Basic wireflow initial concept

Testing the Iteration

With the above solutions, I interviewed my peers to see if these solutions were indeed sensible and viable. I am very glad I tested, because my theory of the use of an external suggestion module was flawed. The users I interviewed believed the module produced too much choice, thereby countering the purpose of the app. Further, it was discovered that the use of a reward was ideal for completing tasks. It gave users something to look forward to. If the external suggestion module could be simplified, then it could become useful.

It was time to start sketching.

User Interview Notes

Sketching Out Ideas

With the information I collected in mind, I began sketching out how the app may look like, including the ideas of simplicity, reward, and a revised suggestion model. Based on the user interviews, it had to have an incredibly simple interface and very easy to follow. It could not overwhelm the user, as the app’s goal was to execute the necessary tasks. I began with several iterations.

Main Task Screen
Reward and Task Entry Screens
Reward and Task Entry Alternatives

After getting an idea of how the app would visually appear, I refined the sketches to produce a viable wireframe.

And refined some more.

Refined Wireframe
Refined Wireframe (Continued)

Testing the New Iteration

After developing a presentable wireframe (see ‘Refined Wireframe’ images above), I tested the model with users. Users would be prompted with screens to enter the three most important tasks for the day . They would then be prompted to enter a reward for completing their tasks. If the users needed help, they could click for the dots next to the task for more information. The module could then present solutions to complete the task. After completing their tasks, the app would present them their reward.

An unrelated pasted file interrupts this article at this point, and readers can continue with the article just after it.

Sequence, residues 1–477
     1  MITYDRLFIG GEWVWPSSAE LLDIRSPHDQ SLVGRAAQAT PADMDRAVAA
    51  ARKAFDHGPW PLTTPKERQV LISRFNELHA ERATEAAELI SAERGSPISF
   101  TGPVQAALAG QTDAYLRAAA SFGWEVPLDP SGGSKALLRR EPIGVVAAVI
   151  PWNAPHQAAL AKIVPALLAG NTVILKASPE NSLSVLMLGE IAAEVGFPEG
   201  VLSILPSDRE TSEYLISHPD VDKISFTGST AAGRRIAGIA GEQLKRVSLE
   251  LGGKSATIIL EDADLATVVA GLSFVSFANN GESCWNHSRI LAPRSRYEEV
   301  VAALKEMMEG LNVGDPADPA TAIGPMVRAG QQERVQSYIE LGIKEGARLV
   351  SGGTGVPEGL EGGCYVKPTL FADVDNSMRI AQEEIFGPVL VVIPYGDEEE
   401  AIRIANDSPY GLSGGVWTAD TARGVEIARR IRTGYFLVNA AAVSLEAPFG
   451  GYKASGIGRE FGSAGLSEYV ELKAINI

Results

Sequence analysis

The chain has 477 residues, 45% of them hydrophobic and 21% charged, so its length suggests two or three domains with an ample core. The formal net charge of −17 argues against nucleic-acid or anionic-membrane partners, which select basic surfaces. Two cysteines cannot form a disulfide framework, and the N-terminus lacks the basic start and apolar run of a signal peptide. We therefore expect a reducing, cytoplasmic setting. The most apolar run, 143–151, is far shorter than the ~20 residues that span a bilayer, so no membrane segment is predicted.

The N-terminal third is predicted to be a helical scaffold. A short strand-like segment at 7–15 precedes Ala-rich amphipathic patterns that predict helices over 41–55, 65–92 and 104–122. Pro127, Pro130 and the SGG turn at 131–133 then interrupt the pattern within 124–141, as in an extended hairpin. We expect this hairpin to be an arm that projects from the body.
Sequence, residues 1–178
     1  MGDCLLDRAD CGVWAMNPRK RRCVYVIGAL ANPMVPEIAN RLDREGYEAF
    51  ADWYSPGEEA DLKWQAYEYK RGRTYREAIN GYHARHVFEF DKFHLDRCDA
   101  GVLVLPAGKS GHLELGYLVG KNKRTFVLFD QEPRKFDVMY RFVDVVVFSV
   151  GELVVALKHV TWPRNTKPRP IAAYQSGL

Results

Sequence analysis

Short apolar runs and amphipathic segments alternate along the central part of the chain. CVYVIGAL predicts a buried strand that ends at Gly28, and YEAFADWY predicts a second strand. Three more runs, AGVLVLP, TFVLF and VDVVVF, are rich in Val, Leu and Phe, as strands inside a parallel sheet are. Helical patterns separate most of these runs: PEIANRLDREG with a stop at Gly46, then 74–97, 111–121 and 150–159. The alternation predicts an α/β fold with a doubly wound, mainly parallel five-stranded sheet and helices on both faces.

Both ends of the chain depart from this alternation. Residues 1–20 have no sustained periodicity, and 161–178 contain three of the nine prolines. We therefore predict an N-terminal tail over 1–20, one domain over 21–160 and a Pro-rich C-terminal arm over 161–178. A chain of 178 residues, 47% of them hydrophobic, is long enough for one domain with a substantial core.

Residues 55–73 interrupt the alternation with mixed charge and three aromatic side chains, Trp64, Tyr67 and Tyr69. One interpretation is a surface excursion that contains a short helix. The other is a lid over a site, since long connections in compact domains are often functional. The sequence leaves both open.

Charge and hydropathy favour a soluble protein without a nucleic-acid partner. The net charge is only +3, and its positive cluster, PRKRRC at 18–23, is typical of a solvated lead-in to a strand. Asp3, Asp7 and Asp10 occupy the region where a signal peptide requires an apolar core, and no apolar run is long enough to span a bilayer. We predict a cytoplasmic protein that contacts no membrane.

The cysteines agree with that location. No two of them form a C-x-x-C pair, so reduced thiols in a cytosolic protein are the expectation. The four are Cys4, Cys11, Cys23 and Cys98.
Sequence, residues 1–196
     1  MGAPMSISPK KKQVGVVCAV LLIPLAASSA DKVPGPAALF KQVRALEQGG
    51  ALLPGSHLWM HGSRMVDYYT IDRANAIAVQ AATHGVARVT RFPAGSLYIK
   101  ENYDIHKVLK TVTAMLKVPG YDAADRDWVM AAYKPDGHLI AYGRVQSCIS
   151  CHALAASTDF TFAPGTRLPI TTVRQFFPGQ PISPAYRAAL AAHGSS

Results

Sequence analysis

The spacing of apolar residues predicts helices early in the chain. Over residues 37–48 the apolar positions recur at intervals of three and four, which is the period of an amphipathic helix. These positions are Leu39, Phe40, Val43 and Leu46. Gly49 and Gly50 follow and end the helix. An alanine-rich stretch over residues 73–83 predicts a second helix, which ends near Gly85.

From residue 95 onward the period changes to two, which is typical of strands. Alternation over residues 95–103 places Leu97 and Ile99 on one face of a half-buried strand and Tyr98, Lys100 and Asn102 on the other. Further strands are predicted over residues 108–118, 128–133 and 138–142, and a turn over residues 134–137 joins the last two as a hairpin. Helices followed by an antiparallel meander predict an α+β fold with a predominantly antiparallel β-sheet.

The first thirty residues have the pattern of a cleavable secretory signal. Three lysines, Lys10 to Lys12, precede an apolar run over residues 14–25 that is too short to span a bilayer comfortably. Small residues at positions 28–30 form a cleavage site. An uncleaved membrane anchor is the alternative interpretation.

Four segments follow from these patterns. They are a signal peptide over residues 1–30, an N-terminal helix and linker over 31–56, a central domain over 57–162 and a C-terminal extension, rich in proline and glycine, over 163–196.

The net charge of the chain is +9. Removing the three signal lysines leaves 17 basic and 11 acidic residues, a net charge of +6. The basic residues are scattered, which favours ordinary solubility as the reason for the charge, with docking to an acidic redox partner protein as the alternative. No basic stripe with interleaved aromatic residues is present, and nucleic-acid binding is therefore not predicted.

The simplicity resonated well, as did the use of the reward. Users said the app was easy to follow and they liked they had to limit the number of tasks they entered to only three tasks. However, the module was still incredibly confusing. They didn’t know where to click to get more information on the task. Once the module was open, they didn’t know how it presented the information.

With this information I tried to redesign the suggestion module. However, I found that this was becoming too complex.

Button design for suggestion module.
Layout of suggestion module.

The module was finally cut out of the app.

Further Usability Testing of Wireframes

Alumni from previous General Assembly UX Design Intensive cohorts came to test our app designs. Through their feedback, they stated the app felt like too much of a form. They also stated that the number of tasks the user can input should not be forced to three; there should be more flexibility in the app.

As a result of this testing, the user could now input up to three tasks maximium and this could be achieved on one screen.

Updated Task Screen

Final Prototyping

With the modifications made based on the suggestions of the GA UXDI alumni, I did a final user test. The user was receptive to the new task entry design, and did not find it as confusing as the previous 3 screen task entry process. They understood the design and the goal of the app.

I proceeded to develop even more detailed wireframe models to mockup the app in Marvel.

The below is a screenshot of the final prototype. The link to the prototype can be found here:

Main List Screen